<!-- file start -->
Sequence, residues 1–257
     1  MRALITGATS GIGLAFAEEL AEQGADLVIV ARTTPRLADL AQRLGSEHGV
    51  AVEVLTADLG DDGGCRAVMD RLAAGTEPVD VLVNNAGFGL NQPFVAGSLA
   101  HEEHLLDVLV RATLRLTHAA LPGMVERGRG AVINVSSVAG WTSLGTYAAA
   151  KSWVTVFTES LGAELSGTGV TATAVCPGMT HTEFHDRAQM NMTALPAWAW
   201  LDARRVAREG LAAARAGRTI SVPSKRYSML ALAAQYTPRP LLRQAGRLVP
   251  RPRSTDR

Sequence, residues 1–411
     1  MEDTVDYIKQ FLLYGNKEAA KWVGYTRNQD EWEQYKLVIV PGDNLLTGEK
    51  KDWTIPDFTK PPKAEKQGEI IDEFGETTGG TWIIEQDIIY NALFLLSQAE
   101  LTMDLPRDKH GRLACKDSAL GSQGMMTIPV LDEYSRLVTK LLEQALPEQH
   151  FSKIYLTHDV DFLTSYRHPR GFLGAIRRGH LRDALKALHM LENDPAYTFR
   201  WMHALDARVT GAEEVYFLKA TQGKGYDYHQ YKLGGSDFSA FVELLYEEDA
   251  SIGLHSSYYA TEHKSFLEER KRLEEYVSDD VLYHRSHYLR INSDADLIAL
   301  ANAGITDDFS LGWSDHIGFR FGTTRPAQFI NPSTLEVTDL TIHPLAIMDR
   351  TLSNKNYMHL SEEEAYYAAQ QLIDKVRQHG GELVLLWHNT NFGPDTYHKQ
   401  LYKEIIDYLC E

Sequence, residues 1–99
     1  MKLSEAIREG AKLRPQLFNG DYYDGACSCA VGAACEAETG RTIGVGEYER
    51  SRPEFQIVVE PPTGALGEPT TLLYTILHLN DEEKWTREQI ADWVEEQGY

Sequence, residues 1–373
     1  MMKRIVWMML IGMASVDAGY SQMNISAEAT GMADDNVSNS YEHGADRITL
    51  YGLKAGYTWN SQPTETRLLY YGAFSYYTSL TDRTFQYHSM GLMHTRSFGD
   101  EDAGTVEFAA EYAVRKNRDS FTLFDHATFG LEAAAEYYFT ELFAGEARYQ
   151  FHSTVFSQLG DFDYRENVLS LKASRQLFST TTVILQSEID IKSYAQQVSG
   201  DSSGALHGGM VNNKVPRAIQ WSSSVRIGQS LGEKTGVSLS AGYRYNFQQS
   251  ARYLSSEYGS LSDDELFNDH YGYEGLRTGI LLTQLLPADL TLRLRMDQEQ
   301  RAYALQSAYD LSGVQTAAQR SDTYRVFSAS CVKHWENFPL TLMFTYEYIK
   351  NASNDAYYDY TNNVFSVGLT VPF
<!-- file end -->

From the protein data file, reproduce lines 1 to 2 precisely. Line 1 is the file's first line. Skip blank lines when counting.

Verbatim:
Sequence, residues 1–257
     1  MRALITGATS GIGLAFAEEL AEQGADLVIV ARTTPRLADL AQRLGSEHGV